Seán Bán Breathnach – 50 years on the air

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    From SBB Ina Shuí to Scaoil Amach an Bobailín to delivering the best in Irish sports coverage on Radio na Gaeltachta, Connacht man Seán Bán Breathnach has been a much-loved mainstay of Irish broadcasting for the past fifty years. He shared some career highlights with Kay Doyle.

    It may be difficult to believe due to his youthful spirit and effervescent personality, but one of the West’s most instantly recognisable television presenters, Seán Bán Breathnach, has been electrifying our airwaves and lighting up our TV screens for just over fifty years.


    Last April saw the famous Galwayman pass the half-century milestone, and he remains as enthusiastic about his job, and as passionate about our native language, as ever.


    Seán was born in Inbhear, in Connemara, the youngest of four children. His father had lived in America during the Great Depression but found it difficult to settle, and returned home.


    He took up various jobs to make ends meet working as a coast watchman, postman and farmer, “or as much as a farmer as it is possible to be in Connemara”, says his son with a laugh, as we catch up for a chat to mark his special broadcasting anniversary.


    Seán left school at 14. In those days, as free education wasn’t introduced until 1966, it wasn’t unusual for children not to go on to secondary school, and more irregular still to proceed to college. At 16, he took the boat to London with his older brother, Pádraig, who was an engineer. Their eldest brother, Mairtín, had departed three years earlier and wrote home about the great jobs, and great money, that was going across the water.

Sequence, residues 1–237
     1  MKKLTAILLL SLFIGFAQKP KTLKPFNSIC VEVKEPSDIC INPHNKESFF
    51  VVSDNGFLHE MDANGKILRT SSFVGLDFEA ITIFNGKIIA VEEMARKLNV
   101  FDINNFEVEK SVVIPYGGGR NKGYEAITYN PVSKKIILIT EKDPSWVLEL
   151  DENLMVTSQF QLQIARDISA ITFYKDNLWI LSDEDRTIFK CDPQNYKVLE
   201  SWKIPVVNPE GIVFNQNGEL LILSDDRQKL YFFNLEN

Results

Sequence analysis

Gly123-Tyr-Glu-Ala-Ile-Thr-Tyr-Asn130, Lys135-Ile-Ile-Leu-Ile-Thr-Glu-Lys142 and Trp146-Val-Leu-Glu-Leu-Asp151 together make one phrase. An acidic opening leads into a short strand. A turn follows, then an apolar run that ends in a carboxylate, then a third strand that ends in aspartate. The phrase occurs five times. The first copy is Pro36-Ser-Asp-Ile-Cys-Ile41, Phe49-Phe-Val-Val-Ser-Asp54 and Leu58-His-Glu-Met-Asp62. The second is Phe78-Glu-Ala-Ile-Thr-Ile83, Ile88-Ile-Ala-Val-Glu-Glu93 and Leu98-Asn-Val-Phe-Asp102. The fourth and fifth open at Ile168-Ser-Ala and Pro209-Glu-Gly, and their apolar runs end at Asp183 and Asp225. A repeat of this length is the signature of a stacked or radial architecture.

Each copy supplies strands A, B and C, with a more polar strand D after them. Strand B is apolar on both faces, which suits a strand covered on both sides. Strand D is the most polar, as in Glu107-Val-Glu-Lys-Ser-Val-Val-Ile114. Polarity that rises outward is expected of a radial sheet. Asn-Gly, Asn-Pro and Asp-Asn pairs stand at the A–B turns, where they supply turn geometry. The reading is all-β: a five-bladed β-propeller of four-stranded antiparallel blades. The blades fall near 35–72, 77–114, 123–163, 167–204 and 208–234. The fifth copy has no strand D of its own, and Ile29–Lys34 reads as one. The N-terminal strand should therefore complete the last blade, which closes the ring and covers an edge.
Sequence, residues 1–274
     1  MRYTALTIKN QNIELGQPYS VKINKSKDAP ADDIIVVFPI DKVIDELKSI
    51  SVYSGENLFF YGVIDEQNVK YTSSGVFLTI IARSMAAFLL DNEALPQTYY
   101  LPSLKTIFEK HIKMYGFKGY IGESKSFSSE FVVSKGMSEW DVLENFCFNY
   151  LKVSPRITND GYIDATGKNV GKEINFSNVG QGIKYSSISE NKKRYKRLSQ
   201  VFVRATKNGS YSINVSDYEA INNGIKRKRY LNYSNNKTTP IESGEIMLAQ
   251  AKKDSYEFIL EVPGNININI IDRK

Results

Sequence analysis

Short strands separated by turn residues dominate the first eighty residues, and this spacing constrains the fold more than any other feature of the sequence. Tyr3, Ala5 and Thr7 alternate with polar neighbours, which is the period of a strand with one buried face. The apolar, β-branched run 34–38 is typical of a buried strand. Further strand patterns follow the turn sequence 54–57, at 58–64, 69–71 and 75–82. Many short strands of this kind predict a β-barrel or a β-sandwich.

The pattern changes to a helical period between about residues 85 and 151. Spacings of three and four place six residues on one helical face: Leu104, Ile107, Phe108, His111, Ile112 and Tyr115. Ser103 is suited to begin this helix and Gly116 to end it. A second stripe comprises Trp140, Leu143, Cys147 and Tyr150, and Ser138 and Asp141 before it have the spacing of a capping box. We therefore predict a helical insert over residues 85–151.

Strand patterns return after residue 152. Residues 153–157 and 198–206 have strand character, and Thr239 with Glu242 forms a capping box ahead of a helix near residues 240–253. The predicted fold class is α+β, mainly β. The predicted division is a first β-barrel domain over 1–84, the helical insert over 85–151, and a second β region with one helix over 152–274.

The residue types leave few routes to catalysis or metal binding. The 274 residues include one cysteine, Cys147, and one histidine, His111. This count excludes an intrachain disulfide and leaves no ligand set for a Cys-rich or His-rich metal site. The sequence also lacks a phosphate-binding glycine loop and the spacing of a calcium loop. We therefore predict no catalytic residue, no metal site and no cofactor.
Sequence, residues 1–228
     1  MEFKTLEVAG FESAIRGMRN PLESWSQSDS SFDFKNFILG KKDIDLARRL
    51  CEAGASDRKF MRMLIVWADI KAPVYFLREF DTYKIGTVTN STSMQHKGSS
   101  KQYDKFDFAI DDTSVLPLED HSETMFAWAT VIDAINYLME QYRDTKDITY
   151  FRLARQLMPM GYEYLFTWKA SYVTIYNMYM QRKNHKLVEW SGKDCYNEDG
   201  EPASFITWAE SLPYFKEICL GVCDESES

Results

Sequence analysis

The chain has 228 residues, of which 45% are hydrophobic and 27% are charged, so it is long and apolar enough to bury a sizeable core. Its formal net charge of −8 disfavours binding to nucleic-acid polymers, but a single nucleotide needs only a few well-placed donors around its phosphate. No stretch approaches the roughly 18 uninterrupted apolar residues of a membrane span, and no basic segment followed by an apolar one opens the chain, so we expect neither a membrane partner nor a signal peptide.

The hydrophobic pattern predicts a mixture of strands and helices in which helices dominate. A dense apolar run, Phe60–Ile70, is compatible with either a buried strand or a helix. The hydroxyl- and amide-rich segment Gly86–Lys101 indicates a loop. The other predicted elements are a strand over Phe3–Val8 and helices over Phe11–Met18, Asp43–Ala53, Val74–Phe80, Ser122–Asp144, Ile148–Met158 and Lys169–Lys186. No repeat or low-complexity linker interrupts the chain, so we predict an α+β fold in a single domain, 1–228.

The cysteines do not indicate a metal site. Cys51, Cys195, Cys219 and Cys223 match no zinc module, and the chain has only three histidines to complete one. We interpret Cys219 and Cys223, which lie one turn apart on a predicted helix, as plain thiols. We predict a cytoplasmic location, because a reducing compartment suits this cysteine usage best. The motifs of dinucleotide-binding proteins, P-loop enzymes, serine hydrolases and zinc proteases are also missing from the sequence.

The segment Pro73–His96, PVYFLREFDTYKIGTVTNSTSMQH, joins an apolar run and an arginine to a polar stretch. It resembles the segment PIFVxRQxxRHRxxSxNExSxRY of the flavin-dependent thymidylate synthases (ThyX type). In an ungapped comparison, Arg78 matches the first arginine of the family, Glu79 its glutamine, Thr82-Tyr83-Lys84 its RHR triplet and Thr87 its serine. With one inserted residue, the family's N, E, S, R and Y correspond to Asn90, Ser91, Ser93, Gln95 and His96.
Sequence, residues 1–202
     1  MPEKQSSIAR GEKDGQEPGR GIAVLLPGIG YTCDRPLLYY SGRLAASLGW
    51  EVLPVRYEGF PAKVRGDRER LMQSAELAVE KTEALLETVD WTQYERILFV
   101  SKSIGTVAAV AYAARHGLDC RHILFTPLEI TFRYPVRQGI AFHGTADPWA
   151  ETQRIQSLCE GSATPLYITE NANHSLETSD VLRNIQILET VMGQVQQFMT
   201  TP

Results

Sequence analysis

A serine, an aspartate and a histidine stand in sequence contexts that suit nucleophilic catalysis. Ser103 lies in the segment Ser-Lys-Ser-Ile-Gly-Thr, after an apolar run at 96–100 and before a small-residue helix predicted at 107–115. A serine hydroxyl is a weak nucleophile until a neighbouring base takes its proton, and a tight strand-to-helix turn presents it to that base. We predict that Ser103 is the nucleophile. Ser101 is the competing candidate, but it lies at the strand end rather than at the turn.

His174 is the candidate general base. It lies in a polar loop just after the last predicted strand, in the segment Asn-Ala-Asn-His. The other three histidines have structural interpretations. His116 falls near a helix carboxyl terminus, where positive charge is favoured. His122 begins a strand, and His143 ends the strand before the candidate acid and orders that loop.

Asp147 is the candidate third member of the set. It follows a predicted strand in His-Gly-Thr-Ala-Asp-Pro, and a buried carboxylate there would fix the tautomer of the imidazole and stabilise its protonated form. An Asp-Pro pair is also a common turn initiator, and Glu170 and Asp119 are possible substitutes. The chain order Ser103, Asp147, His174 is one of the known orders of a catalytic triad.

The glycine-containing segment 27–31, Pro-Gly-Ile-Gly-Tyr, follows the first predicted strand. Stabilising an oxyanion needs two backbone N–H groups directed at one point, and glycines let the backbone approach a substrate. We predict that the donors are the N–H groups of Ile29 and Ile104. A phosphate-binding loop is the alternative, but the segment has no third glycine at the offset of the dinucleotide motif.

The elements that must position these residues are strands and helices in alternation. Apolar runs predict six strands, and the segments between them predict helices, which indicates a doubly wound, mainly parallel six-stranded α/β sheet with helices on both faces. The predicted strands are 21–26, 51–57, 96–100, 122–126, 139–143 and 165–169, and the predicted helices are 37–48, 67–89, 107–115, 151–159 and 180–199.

Seán’s dad had inspired his interest in broadcasting. His father was very well read, and Seán himself was leafing through The Reader’s Digest by the age of nine.


    As a family, they would listen to the BBC radio boxing broadcasts – in fact, broadcasts of all sports from soccer to rugby to horse racing. His dad was sports mad too, bringing them off to Railway Cup matches and instilling a love for sport that would last a lifetime.


    Seán still remembers getting up in the middle of the night to listen to famous fights on the radio. One of the boys would be in charge of the radio, the other the cups of tae, and another stoked the fire. In particular, he recalls listening to Ingemar Johansson knocking out Floyd Patterson on the wireless back in June, 1959. He loved listening to Eamonn Andrews too, and he was another early inspiration for the would-be broadcaster.


    And then there was Radio Luxembourg. Though it wasn’t the Irish Requests show on a Saturday night that caught his attention, Seán’s heart was in ‘the pops’. He wanted to hear Elvis. And Buddy Holly. And Sam Cooke.
    In England, his uncle, Cole, lived thirteen miles north of London, in a place called Potter’s Bar. Cole’s first wife and children had been tragically killed when a bomb was dropped on their home during World War II. He remarried, a woman from Tubbercurry in Sligo, who was a singer and dancer. They had three daughters, and Seán lived with them. His uncle got him work on the buildings.

    Seán was no stranger to hard work due to his grafting in the bogs back home. But it was when the weekend came, and Seán was brought to the local Youth Club, that his life behind the microphone took off.

    Continue reading in this week’s Ireland’s Own